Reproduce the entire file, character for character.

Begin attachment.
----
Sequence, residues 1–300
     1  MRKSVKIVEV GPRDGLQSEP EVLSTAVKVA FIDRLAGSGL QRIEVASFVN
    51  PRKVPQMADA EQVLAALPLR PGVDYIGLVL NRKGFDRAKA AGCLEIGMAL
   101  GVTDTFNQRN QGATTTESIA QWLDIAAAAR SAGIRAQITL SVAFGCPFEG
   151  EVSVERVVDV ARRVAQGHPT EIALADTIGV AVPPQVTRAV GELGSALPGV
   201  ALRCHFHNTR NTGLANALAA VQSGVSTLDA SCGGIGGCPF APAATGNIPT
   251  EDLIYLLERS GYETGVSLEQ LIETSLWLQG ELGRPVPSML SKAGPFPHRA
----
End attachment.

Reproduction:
Sequence, residues 1–300
     1  MRKSVKIVEV GPRDGLQSEP EVLSTAVKVA FIDRLAGSGL QRIEVASFVN
    51  PRKVPQMADA EQVLAALPLR PGVDYIGLVL NRKGFDRAKA AGCLEIGMAL
   101  GVTDTFNQRN QGATTTESIA QWLDIAAAAR SAGIRAQITL SVAFGCPFEG
   151  EVSVERVVDV ARRVAQGHPT EIALADTIGV AVPPQVTRAV GELGSALPGV
   201  ALRCHFHNTR NTGLANALAA VQSGVSTLDA SCGGIGGCPF APAATGNIPT
   251  EDLIYLLERS GYETGVSLEQ LIETSLWLQG ELGRPVPSML SKAGPFPHRA